British actor Brian Bedford died on Wednesday, after a two-year battle with cancer, in Santa Barbara, Calif. He was 80.

Bedford, known most recently for his stint as Lady Bracknell in a 2011 Broadway revival of “The Importance of Being Ernest,” appeared in many productions on Broadway, winning the Tony for best actor in a play in 1971 for his performance in a revival of Molière’s comedy “The School for Wives.” He was known for his interpretations of the French playwright’s work, and was also nominated for a Tony in 1995 for “The Molière Comedies,” a pairing of the plays “The School for Husbands” and “The Imaginary Cuckold,” and in 2003 for his work in Molière’s “Tartuffe.” He also appeared on Broadway in two revivals of the playwright’s “The Misanthrope,” in 1969 and 1983.

But Bedford was also an extraordinary interpreter of Shakespeare who drew a 1994 Tony nomination for best actor in a play for a revival of “Timon of Athens.”

He received his first Tony nomination in 1992 for “Two Shakespearean Actors” and another for his work in Dion Boucicault’s “London Assurance” in 1997.

In 2011 the New York Times’ Ben Brantley said of Bedford, “He is perhaps the finest English-language interpreter of classical comedy of his generation, and he seems to pick up a Tony nomination every time he steps on a Broadway stage.” Bedford is “best known as a classical actor of uncommon emotional transparency and hair-trigger timing, particularly in plays by Shakespeare and Molière.”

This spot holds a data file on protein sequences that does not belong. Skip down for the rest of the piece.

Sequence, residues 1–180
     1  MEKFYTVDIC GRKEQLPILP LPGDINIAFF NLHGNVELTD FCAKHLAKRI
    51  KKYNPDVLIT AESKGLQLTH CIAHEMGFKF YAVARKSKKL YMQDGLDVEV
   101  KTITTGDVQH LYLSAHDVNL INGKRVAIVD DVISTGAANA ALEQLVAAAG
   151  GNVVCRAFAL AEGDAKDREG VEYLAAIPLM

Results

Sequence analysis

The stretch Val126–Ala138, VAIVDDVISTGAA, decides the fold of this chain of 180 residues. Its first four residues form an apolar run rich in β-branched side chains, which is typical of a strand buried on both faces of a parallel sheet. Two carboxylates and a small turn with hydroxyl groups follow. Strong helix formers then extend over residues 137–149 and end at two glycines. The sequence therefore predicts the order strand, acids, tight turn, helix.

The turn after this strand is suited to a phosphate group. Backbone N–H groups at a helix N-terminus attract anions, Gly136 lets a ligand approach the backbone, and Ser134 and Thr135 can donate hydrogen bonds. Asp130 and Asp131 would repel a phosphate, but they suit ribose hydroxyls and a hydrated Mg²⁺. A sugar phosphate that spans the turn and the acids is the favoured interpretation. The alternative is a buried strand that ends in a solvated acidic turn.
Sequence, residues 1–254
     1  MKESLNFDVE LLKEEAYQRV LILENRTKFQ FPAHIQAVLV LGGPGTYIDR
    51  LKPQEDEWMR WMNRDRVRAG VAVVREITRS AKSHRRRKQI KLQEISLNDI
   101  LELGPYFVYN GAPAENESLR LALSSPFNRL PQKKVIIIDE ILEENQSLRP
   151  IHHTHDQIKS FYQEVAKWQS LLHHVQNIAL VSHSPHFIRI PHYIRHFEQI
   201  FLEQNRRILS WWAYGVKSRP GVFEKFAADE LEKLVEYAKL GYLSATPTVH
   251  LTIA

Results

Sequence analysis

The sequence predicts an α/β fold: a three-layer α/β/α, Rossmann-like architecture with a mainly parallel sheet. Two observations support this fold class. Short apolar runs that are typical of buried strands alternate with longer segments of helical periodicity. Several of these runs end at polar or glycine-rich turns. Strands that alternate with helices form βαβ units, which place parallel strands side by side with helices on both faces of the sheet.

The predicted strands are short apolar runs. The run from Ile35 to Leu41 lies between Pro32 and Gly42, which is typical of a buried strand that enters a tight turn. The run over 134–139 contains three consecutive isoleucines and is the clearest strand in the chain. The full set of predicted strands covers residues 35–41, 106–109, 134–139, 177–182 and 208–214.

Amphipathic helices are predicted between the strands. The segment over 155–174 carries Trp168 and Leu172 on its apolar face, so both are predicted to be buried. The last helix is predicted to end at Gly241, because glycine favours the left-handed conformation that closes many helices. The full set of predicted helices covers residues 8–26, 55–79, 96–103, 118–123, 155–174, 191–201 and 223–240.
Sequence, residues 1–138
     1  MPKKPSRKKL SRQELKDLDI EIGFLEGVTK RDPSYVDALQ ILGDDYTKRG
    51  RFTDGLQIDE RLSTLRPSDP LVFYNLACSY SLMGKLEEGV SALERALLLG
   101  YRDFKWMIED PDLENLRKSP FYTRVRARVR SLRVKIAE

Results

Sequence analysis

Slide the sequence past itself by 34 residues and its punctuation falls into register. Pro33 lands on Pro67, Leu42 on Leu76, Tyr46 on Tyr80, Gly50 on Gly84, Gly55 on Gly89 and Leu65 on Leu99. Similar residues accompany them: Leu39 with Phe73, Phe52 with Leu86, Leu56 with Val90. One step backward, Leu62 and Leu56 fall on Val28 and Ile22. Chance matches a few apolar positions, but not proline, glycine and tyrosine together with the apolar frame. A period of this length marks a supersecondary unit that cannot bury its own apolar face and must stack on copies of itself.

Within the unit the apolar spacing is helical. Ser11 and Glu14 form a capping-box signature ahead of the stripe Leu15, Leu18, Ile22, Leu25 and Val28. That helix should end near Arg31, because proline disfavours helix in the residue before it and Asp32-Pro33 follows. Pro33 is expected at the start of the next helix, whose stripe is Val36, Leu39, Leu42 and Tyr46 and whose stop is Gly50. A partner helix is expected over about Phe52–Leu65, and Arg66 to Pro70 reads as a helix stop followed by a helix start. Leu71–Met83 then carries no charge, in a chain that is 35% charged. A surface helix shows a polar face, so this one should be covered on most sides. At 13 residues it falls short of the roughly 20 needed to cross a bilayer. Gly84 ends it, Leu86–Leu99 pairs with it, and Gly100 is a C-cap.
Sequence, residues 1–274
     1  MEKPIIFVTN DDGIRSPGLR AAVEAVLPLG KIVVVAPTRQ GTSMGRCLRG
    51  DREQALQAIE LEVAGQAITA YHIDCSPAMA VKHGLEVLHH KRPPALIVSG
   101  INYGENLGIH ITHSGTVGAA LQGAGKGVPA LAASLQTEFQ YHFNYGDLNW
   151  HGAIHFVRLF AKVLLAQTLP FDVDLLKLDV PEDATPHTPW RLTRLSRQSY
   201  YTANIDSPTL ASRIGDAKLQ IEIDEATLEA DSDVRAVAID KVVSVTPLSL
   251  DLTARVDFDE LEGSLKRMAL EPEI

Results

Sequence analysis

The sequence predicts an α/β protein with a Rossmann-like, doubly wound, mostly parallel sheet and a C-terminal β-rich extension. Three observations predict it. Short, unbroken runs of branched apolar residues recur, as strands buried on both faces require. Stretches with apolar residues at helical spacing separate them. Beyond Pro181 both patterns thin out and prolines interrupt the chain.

Bedford appeared in the 1966 film “Grand Prix,” starring James Garner; attempted series regular television in 1967 with CBS’ short-lived “Coronet Blue”; and voiced Robin Hood in the 1973 Disney film of the same name.

Bedford was with Canada’s celebrated Stratford Shakespeare Festival, held in Ontario, for almost three decades, and he credited the festival with making his career. “I wanted to have a typical, classical English actor’s career doing Shakespeare and the classics. That’s what Stratford has provided for me, so that’s why I say it’s made my life,” he told CBC News in 2011.

Before essaying Lady Bracknell at Stratford, he had starred in and directed a production of “King Lear.”

He was forced to withdraw from a touring production of “The Last Confession” in 2014 and from a production of “The Merchant of Venice” at the festival in 2013, both due to illness, according to CBC News.

The actor’s most notable Shakespearean efforts were Ariel in “The Tempest” opposite John Gielgud’s Prospero in 1958; Angelo in “Measure for Measure” at the Stratford Shakespeare Festival in 1975 and 1976; and the Public Theater’s Shakespeare in the Park productions of “As You Like It” (as Orlando) and “Timon of Athens” (as Timon), the latter based on a production he originated with the National Actors Theatre in 1993 and eventually played Broadway.

Bedford was born in Morley, West Riding of Yorkshire, where he was raised in poverty. Leaving school at 15, he joined an amateur theater group in Bradford. From 1952-54 he attended the Royal Academy of Dramatic Art in London; his classmates included Peter O’Toole, Albert Finney and Alan Bates. He was “subsequently part of a glittering West End clique that included John Gielgud and the all-powerful theater mogul Hugh Beaumont,” according to the New York Times. Gielgud was his most influential mentor.

He made his Broadway debut in 1959 in a production of Peter Shaffer’s “Five Finger Exercise.”

Bedford was a friend of the late socialite Brooke Astor.